All terrorists make the same sound when they die.
Quick — name the Three Tenors, right now. Let me guess what went through your head: Luciano Pavarotti (everyone gets that one), Placido Domingo (slightly less famous but still well known), and... um... that other guy. You know, the short one? He's balding, right? Right? Well, his name is José Carreras, and yes, he is short and balding, but he's still got a mean set of pipes. [We apologize to anyone who still has no idea what a tenor is and why there are three. ~Ed.
] Now you might ask why I'm bringing this up, other than to shamelessly rehash an old Seinfeld plot. The fact of the matter is, I can think of no better analogy to describe Call of Duty
on the DS (although that might be because I’m very sleep-deprived and slightly drunk).
Call of Duty: Modern Warfare: Mobilized
is not an extraordinary game by any means, but the problems stem mostly from technical limitations and not from a lack of effort. Of course, in my opinion the biggest problem is simply the release date. Someone at Activision should get tarred and feathered for thinking it would be a good idea to release Mobilized
on the same day as the exponentially bigger Modern Warfare 2
. I mean, if you want to sell tickets to a magic show, you sure as hell better not debut on the same day that David Copperfield comes to town. Catch my drift?
So if you do happen to accidentally take this game home instead of the one that you intended to buy, will you like it? Well, that all boils down to the controls. The control scheme is exactly like previous DS CoD
games and the even earlier Metroid Prime: Hunters
. You use the stylus to aim, the arrow keys to move, and the L button to shoot (or ABXY to move and R to shoot if you’re a lefty). Some people love these controls; others think it’s more akin to driving a dump truck while intoxicated and trying to pick off pigeons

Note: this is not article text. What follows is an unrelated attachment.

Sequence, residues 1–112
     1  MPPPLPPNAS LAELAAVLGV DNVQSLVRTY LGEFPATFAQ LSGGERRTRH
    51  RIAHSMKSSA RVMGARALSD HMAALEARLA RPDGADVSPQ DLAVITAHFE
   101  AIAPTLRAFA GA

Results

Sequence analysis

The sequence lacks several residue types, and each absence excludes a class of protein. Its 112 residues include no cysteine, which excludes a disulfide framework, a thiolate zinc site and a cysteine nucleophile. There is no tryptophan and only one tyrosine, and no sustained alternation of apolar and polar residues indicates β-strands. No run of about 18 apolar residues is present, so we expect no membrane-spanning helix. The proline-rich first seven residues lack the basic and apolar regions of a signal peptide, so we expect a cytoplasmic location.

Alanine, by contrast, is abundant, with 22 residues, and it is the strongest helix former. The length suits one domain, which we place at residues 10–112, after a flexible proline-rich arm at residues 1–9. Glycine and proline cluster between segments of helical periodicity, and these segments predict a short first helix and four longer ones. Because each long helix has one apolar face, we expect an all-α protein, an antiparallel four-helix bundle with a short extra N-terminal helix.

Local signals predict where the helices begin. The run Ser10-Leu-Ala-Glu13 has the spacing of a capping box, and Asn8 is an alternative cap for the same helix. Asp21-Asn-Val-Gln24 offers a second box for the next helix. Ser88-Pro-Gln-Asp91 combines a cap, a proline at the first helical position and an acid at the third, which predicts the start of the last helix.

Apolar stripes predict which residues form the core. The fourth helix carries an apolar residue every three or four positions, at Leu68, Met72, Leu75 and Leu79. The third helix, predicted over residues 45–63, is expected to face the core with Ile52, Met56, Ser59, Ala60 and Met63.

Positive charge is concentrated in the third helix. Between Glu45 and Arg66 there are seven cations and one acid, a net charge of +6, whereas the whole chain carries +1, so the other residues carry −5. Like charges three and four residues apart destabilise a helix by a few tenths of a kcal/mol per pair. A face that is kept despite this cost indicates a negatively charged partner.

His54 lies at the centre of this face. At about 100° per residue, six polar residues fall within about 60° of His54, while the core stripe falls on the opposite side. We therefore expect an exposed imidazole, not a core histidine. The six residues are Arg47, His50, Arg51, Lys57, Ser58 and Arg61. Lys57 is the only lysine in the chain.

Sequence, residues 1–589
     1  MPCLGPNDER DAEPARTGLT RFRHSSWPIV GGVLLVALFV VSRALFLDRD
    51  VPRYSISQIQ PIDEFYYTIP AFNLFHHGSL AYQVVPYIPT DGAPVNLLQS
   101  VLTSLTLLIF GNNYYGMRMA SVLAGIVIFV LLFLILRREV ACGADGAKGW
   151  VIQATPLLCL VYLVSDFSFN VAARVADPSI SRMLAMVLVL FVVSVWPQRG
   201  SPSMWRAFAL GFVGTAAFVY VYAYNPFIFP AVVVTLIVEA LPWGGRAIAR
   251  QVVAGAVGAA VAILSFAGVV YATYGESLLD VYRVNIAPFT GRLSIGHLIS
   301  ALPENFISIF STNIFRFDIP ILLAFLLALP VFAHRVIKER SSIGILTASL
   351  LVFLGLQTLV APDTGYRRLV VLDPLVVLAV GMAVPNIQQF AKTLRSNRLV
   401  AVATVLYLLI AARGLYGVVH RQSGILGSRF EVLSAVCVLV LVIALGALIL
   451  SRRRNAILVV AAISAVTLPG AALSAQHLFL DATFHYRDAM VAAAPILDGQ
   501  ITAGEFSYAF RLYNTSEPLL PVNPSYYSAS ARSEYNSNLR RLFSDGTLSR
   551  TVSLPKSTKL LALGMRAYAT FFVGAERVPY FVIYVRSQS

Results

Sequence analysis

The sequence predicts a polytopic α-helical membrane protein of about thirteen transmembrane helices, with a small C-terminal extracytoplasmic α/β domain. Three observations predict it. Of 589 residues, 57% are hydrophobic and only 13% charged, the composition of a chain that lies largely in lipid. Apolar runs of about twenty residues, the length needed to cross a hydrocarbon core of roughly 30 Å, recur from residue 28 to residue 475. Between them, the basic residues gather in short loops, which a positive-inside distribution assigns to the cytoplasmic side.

with a BB gun.
Graphically, the high points are the guns and the environments. All the weapons are highly detailed, even reflecting light with a lovely sheen, and the cities and other battlegrounds appear expansive despite keeping you to a linear path. As always with the DS, though, textures up close look alarmingly similar to the contents of a hard day's night of Indian food.
But the sound — oh, the sound is wonderful. Every shot and explosion is crisp and accurate, while the intense score only heightens the drama of the action. There’s a hefty amount of voice acting, and it’s all done very well. Special mention goes to the British commander, whose Cockney accent is reminiscent of the Geico
gecko. Sometimes I’d stop and think he’s going to try to sell me car insurance during a firefight.
The only issue with the sound (and it’s inexcusable) is that there’s only one death cry that every single enemy
shares, and it’s not even a good one. Uaugh! I wouldn’t blame you for smashing your DS into the wall after the 500th time you hear that. Uaugh! And there’s so much variety in the enemy chatter — for instance, the English-speaking terrorists will yell “Grenade!” while the Russians yell “Grenada!” and the Arabs yell what I can only assume is “Grenade!” in Arabic. Uaugh! Are you telling me, n-Space, that you couldn’t find space on the DS cart for just one or two other death cries
to spice things up? Uaugh! I’d gladly give up a redundant battle shout so I wouldn’t have to hear “Uaugh!” a billion freakin times. Uaugh!
Another downside is that there’s a lot less replay value in this game than in its console big brothers. The multiplayer is pretty damn fun for what it is, with all of the standard modes like deathmatch, CTF, and hunter/prey. But it’s nowhere near as entertaining as the Modern Warfare 2
experience and the Wi-Fi is pretty bare-bones, so I can’t see sinking hours at a time into it.
Likewise, the single player is only good for about 5-10 hours, not to mention the laughably generic story. Here, let me construct my own Mobilized
level for you:
“Random terrorists are moving the nuke to a new location! Find it!”
BLAM! BLAM! “Uaugh!” “Uaugh!”
“We’ve met resistance! Kill them all!”
BLAM! BLAM! “Uaugh!” “Uaugh!”
“Damn, we’re too late! They just moved it!”
There, that’s nearly every single level in this game in a nutshell. Mobilized
is an impressive package from a technical standpoint, even though it won’t keep you entertained for that long. But it’s definitely a fun experience while it lasts, assuming you’re a fan of DS first-person shooters. I’d steer clear otherwise — unless, you know, you like drunkenly shooting at pigeons.